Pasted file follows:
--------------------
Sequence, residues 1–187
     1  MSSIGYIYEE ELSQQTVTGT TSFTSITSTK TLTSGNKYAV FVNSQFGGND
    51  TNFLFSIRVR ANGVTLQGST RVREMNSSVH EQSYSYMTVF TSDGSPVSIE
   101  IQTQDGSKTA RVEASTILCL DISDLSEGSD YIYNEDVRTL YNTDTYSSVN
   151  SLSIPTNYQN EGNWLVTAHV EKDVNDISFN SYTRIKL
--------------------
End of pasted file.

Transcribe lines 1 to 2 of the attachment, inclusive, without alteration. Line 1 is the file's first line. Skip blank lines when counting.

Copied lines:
Sequence, residues 1–187
     1  MSSIGYIYEE ELSQQTVTGT TSFTSITSTK TLTSGNKYAV FVNSQFGGND